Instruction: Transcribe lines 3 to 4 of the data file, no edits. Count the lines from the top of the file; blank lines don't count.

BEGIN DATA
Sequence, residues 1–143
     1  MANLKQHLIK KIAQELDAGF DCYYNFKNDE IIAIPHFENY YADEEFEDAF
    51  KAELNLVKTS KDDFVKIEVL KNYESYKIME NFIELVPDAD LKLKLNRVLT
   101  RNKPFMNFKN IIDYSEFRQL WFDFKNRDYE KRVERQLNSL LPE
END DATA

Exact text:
    51  KAELNLVKTS KDDFVKIEVL KNYESYKIME NFIELVPDAD LKLKLNRVLT
   101  RNKPFMNFKN IIDYSEFRQL WFDFKNRDYE KRVERQLNSL LPE